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EPA Uses Webasto as Vehicle Heating Partner in Hydraulic Hybrid Project

The US Environmental Protection Agency (EPA) selected Webasto as its partner to provide idle-free cab heating for its Full Series Hydraulic Hybrid Vehicle (HHV) Yard Hostler prototype. (Earlier post.)

The EPA will introduce and exhibit the HHV Yard Hostler at the Word Maritime Day Parallel Event at Chelsea Piers in New York City on 16-18 October 2009.

With HHV technology, the stop-and-go fuel efficiency of yard hostlers is improved by 50 to 60% and CO2 emissions are reduced by more than 30%. The energy recovery technology used to stop the vehicle also reduces brake wear by 75%, increasing the net operating savings substantially.

It is estimated that the use of each high-efficiency yard hostler could save a terminal operator more than 1,000 gallons of fuel per year. When this technology is manufactured in high volume, it has the potential to recoup the hybridization costs from fuel and maintenance savings in three to five years. Hydraulic Hybrid Vehicles rely on proven innovative technology which has been successfully demonstrated in package delivery vehicles, shuttle buses, refuse trucks, light duty work trucks, and SUVs.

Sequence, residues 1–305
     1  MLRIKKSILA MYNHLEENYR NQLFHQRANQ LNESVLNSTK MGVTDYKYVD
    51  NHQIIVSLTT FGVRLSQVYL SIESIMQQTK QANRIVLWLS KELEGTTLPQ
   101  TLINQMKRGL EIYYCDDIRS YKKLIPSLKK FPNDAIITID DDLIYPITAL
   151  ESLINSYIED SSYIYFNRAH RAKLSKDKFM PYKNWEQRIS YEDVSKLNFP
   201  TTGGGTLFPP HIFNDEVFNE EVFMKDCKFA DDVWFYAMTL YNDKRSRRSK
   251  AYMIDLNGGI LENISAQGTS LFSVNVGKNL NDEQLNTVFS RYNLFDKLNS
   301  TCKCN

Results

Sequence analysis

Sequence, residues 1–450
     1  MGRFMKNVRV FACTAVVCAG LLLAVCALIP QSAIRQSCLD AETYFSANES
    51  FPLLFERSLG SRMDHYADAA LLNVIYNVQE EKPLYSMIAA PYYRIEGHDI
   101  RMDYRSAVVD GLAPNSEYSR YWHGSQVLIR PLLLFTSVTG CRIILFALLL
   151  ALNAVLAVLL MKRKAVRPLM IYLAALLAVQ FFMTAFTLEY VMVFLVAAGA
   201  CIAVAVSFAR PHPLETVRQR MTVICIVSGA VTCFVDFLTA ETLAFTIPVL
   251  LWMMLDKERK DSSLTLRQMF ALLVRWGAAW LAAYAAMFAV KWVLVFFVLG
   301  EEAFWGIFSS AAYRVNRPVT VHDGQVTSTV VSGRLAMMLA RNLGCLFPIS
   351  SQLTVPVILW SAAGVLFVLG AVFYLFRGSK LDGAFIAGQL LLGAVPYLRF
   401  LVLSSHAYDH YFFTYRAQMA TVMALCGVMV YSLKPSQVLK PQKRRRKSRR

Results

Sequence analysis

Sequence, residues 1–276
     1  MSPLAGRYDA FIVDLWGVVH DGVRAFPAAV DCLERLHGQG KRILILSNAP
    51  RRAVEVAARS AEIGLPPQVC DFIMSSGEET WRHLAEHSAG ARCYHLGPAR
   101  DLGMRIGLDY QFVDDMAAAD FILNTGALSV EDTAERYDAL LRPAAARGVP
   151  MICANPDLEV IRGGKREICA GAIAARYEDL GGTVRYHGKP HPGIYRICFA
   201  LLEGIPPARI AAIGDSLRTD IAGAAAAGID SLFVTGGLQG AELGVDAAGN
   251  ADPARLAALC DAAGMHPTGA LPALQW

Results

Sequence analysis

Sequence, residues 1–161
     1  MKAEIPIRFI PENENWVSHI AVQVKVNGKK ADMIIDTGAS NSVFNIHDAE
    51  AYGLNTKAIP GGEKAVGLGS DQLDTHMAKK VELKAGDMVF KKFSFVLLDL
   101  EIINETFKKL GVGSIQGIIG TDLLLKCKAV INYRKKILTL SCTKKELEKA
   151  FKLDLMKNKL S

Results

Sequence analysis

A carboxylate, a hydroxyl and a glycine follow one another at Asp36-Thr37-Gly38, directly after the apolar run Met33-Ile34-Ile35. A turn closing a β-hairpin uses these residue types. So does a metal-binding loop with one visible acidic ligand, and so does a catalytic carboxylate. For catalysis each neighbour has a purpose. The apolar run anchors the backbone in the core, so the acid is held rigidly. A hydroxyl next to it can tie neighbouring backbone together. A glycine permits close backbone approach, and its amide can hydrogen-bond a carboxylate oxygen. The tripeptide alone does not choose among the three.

The Webasto technology—the Air Top 3500—used in the HHV Yard Hostler is already in mass production and is the country’s best-selling air heater line, offering idle-free heating of vehicle interiors and cargo spaces. Idle reduction is a key design feature of HHV technology and, without idle-free heating, that wouldn’t be feasible in the cold operating conditions prevalent at ports throughout much of the year, Webasto said.

The Air Top 3500 weighs only 13 lbs, produces up to 11,942 btu/hr and, at a full load, uses less than a pint of fuel each hour. WPNA is the North American subsidiary of the Global Comfort Solutions (GCS) Business Division of Munich, Germany-based Webasto AG, one of the world’s largest suppliers of vehicular parking and auxiliary heating and ventilation. In 2008 Webasto produced over one million heating systems, which are widely fitted to cars, trucks, buses and defense and specialty equipment globally.



I don't understand why any automaker hasn't yet proposed a pick up integrating this HHV with a diesel motorisation. It is a proven technology, doesn't require expensive batteries or rear-earth based electrical motor.

Sounds like it is too simple to seduce our auto industry

Henry Gibson

For quite some time now there exist vacuum panel insulation and Dewar flasks (thermos bottles). Use an insulated tank to store heat for many days. Foam glass could also work. ..HG..

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